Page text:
Pittsburgh Fashion Week makes its way to the runway
By JoAnne Klimovich Harrop
Published: Sunday, Sept. 22, 2013, 9:00 p.m.
Pittsburgh Fashion Week gets around. And that's been a good thing, planners and participants say.
The six-day event that celebrates its fourth year of style Sept. 23 to 29 has held chic fashion shows all over the city — and beyond — from Downtown venues to the outlets in Washington County.
“Showcasing our city's style at various sites has been my vision since Day One, before we found a model to walk the first runway,” founder and executive director Miyoshi Anderson says. “When I first thought about starting Pittsburgh Fashion Week, I wanted it to be an event that included many venues.”
Anderson says she likes moving around to different areas and communities. It helps to highlight not only the fashion that's here in terms of designers and boutiques, but the venues the city has to offer.
“And as each year goes by, I look back and see what venues worked and what we need to do differently,” Anderson says. “We don't want to be stagnant. We want to continue to be fresh and new — just like the latest collections in the fashion world.”
This year, fashion week will dress up in the South Side, Strip District, Downtown and Washington County. All but two venues are new. Tanger Outlets in Washington County will host its second annual show Sept. 26 and Pittsburgh Fashion Week's Hall of Fame luncheon will once again be held at the Omni Hotel, Downtown, on Sept. 29.
Opening night takes place at Highmark Stadium, where the Riverhounds soccer team plays. Designers Debi Weiss, Faith Pongracz and Alicia Akrie will showcase their lines.
“I am excited about this show and being part of opening night,” says Akrie, who is from Chartiers City and a recent graduate of Savannah College of Art and Design. “I like that the event has been in many areas of the city. That is important, especially in Pittsburgh, because Pittsburgh is not a place where everything happens in a certain area. If you have it more places, that will create even more attention to Pittsburgh having its own fashion week.
“I love the choice of a stadium,” she says. “It gives designers freedom because of its size and openness.”
The runway will be set up inside in the banquet facility at the stadium inside on the second floor.
“We have a really unique space here at Highmark Stadium, and I believe that Pittsburgh Fashion Week is really capitalizing on this,” says Sara Guffey, the stadium's event manager. “We have yet to have an event of this nature at the stadium, and we're really excited to see the transformation from Riverhounds' stomping ground to Pittsburgh couture.”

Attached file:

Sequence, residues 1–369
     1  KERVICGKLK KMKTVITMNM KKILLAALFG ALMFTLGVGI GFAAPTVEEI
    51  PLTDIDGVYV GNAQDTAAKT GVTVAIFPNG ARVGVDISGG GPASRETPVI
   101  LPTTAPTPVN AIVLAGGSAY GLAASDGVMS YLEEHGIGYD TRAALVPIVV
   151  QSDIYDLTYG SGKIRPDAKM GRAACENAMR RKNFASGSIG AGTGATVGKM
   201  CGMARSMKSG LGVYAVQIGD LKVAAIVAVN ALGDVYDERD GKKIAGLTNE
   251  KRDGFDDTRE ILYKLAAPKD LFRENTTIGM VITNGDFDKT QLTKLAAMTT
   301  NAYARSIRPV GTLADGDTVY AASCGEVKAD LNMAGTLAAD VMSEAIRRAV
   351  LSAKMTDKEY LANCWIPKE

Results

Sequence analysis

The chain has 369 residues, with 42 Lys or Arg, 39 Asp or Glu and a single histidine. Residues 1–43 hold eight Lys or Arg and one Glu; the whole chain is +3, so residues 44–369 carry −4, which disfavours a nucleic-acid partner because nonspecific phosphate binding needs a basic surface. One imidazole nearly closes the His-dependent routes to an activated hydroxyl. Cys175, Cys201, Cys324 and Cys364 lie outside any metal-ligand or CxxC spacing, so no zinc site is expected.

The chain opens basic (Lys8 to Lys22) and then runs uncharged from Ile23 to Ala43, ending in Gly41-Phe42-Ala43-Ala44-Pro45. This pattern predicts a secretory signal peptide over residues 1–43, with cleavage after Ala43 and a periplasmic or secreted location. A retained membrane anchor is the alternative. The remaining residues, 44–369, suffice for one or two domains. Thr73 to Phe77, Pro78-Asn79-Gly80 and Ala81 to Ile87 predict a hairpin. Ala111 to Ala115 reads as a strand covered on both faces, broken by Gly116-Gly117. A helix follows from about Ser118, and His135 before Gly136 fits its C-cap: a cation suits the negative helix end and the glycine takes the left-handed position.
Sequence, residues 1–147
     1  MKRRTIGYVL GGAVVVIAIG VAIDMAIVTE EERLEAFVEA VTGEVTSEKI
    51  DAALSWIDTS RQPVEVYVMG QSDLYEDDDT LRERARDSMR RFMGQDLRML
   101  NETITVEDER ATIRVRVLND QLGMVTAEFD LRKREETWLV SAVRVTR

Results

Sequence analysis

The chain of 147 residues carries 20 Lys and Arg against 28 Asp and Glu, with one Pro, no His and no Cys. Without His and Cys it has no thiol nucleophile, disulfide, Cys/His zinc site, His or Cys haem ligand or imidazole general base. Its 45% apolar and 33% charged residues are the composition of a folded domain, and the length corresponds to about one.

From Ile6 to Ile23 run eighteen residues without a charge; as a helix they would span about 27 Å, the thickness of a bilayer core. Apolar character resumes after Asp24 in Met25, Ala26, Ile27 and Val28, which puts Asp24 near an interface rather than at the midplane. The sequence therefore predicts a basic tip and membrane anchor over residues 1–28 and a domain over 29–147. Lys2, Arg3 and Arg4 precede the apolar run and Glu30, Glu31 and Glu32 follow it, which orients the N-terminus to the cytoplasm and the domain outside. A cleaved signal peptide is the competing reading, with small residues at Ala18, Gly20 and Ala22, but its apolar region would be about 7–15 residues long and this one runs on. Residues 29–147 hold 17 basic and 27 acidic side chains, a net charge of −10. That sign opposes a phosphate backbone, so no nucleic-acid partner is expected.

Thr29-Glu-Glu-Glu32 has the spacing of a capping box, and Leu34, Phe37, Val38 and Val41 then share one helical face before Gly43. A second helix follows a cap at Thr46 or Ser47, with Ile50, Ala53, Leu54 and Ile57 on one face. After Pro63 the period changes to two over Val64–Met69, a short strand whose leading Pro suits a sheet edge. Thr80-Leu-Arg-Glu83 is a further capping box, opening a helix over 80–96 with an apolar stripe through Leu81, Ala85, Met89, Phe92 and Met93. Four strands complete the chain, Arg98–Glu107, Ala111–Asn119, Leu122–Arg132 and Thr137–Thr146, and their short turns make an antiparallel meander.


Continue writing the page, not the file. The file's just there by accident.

In conjunction with opening night is the Vendor's Fair, where several companies will showcase their wares. Penn Avenue Eyewear is one of them.
“The more exposure you can get through various venues the better,” says Caitlin Northup, creative director for the eyewear company that creates its own glasses lines and sells online. “Pittsburgh is a fashion town, and there are a lot of great designers and boutiques in this city. Moving to different sites gives you a chance to showcase our fashion style across the city.”
Tanger Outlets was thrilled to be a part for a second year.
“We are so excited to once again be associated with Pittsburgh Fashion Week,” says Jodi Dague, Tanger Outlets general manager, who hosted a standing-room-only show last year and who has a lot of customers from the Pittsburgh area. “The timing of fashion week is perfect for us wanting to do a fashion event to support the American Cancer Society. It is also great that Miyoshi is willing to go outside of Pittsburgh to have a fashion show.”
This will be the first time Macy's is doing its own show during Pittsburgh Fashion Week on Sept. 25. The store has participated in prior shows with other shops.
“We are so thrilled to be part of Pittsburgh Fashion Week,” says Joe Hladiuk, Macy's Downtown store manager. “Obviously, being the dominant retailer in Pittsburgh, it is important to support such a fashion event. It's a great opportunity to partner for both of us.”
That's the way Stephanie Taylor, department chair fashion retail management and fashion design, at The Art Institute of Pittsburgh feels. Six of her students will be part of back-to-back runway shows Sept. 28 and will showcase an outfit in the windows at Macy's and at the store's event. It means a lot to the fashion-design students to be on such a big stage, she says. Students have been involved before, but this is the first time the school is hosting one of the events.
“There are a lot of things happening in fashion in Pittsburgh, and we are honored to be involved with Pittsburgh Fashion Week,” Taylor says. “Pittsburgh Fashion Week is the core of fashion in this city, and bringing all of these style events to one week of shows will further promote the fashion community in Pittsburgh.”
Anderson hopes so.
“Pittsburgh Fashion Week is growing,” she says. “It has been a slow growth, which is OK. Pittsburgh is a more conservative city when it comes to fashion, but more and more people know about Pittsburgh Fashion Week, and that's the goal — getting the word out by expanding our reach in terms of designers and boutiques as well as geographical areas.”
JoAnne Klimovich Harrop is a staff writer for Trib Total Media. She can be reached at firstname.lastname@example.org or 412-320-7889.
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